After dinner, he gets in his studio. It is actually a storage room, just big enough for two people to stand in comfortably, but he’s strategically arranged shelves and made it work. When his girlfriend gets into bed, she calls out to him from their bedroom a few times, but eventually she falls asleep. He’s been trying to take his art more seriously because last week he received an email telling him he’s a finalist for an award from the local arts magazine. They are coming to their apartment to photograph him and his art and he wants to have new work to show them for the profile. He paints late into the night. Under the studio lights in the silent house he feels outside time, like he could paint forever, like he has what he wants.
His girlfriend is worried about the couch. Their cat has scratched the arms down to the yellow foam. She tries to sew the gap shut, then tries draping and folding blankets over the arms.
“They’re not coming to look at the couch,” he says.
“But they’ll see the couch,” she says.
“Maybe it’s good,” he says. “Maybe they’ll buy my paintings because they feel bad that we’re poor.”
“When has that ever happened,” she says. Then after a pause, she corrects him. “We’re not poor; we’re broke.”
He is so consumed with painting that he starts sketching out ideas during his lunch breaks. One day, working in the suburbs, he leaves early to beat traffic and arrives before the rest of the crew. He sits outside the job site on the hood of his hatchback and sketches in his notebook. Twenty minutes later a cop pulls up behind him.
“How’s it going?” the cop asks.
“Just waiting for work,” he says, gesturing to the new house with plastic over the windows.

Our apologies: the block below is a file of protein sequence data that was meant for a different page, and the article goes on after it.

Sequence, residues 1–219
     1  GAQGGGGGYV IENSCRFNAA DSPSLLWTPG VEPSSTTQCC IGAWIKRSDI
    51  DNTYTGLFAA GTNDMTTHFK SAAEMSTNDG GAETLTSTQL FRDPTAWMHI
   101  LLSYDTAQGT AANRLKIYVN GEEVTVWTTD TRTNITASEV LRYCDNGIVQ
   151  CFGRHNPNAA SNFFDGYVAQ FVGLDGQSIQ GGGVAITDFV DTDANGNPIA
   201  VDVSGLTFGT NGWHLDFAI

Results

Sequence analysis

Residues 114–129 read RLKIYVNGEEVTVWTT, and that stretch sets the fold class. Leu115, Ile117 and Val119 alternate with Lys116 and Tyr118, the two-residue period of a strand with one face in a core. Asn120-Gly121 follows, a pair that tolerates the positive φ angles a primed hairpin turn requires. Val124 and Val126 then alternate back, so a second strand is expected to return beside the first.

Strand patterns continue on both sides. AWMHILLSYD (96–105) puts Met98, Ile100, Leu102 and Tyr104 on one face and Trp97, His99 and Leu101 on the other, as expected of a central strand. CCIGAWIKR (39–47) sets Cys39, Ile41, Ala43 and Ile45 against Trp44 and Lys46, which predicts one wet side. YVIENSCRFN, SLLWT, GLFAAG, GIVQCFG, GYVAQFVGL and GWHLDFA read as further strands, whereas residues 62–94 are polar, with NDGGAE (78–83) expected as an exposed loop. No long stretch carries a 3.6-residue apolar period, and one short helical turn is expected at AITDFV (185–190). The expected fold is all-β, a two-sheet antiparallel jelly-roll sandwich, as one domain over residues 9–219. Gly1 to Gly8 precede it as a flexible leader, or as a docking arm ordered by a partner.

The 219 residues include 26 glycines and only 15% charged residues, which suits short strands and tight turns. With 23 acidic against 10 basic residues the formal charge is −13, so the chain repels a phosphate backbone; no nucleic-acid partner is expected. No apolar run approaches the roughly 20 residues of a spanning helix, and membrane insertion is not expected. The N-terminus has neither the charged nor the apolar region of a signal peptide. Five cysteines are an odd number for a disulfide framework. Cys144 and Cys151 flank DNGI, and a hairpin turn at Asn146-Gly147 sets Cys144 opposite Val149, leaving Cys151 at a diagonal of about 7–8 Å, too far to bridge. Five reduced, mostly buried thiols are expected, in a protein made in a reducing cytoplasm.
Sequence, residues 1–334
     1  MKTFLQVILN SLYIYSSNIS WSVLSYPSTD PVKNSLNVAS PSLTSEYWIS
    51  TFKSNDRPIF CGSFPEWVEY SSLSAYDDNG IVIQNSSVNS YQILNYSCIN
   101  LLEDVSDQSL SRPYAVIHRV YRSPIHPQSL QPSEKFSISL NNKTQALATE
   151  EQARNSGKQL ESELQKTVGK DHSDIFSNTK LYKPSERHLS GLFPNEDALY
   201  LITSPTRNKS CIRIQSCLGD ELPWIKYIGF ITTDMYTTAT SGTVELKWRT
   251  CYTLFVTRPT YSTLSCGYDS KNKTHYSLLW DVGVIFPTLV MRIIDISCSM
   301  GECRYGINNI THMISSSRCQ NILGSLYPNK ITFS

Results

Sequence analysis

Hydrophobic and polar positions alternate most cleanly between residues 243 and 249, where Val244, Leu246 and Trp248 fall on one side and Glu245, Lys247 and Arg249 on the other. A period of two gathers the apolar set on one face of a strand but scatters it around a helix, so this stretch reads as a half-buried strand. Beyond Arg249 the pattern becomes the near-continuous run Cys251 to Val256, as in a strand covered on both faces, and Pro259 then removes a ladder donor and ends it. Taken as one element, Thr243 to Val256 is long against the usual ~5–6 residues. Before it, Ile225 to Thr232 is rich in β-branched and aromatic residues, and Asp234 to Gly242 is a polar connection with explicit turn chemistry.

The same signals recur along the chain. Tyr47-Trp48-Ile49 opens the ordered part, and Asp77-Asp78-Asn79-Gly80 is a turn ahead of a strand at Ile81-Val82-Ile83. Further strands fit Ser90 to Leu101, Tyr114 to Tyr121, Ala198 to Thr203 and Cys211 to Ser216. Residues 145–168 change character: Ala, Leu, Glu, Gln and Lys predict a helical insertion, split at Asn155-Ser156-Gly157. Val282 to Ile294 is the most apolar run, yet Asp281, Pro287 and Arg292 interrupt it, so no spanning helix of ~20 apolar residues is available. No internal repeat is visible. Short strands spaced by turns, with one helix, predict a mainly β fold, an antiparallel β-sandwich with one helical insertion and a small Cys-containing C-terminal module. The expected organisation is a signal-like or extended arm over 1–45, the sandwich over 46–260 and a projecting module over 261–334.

“Where’s the rest of the crew?” the cop asks.
“Stuck in traffic,” he says.
“What’s in the notebook?” the cop asks.
“Drawings,” he says. He turns the notebook around and shows the cop a sketch of tree shadows over the sidewalk.
“That’s pretty good,” the cop says.
“I went to art school,” he tells the cop.
“Some of the neighbors thought you were casing the neighborhood,” the cop says.
His piece of shit car is a problem. Pulling into a high-end grocery store on a break from painting whatever house in whichever nice neighborhood, his muffler rattles and women in luxury SUVs glare and honk. When he enters the store in his paint-covered overalls, past quaint floral displays, into a well-stocked deli area with local pickles and espresso drinks, they keep their children close and eye him like he’s a drug dealer. They say excuse me without smiling when they reach past him into the cold case.
For the fourth of July, his boss invites the crew to his house for a BBQ, so they can enjoy the fruits of their labor on their day of unpaid vacation. Getting ready to leave, his girlfriend looks him over and complains that his only pair of jeans is ripped at the knees.
“You need new pants,” she says.
“Well, I can’t get any,” he says.
Summer has not yet broken through winter’s gray ceiling and the mornings especially are still cold. The black rubber seal that runs the perimeter of his driver side window has loosed itself from half its frame and hangs down near the sideview mirror like a toy snake, bouncing with every pothole. Moisture constantly seeps into the car, fogging the windows, and both the heating and AC have long stopped working, so he keeps a squeegee by the driver’s seat to clear the fog from the windows. The car is a stick shift and every winter drive is a dance between the wheel, the shifter and the squeegee. Three times the car was stolen and abandoned just blocks away, he assumes when the thieves could no longer see through the windshield. He likes the way the fog diffuses the light and the way a streak of color will open up when condensation rolls down the glass.
To take to the BBQ, his girlfriend has assembled something she calls a cake, the preparation of which involved neither cake nor baking, but layering graham crackers with whipped cream. It has an American flag made with strawberries and blueberries on its top and little toothpicks to keep the cling wrap from touching. She holds it in her lap with a look of concern as they drive to his boss’s property.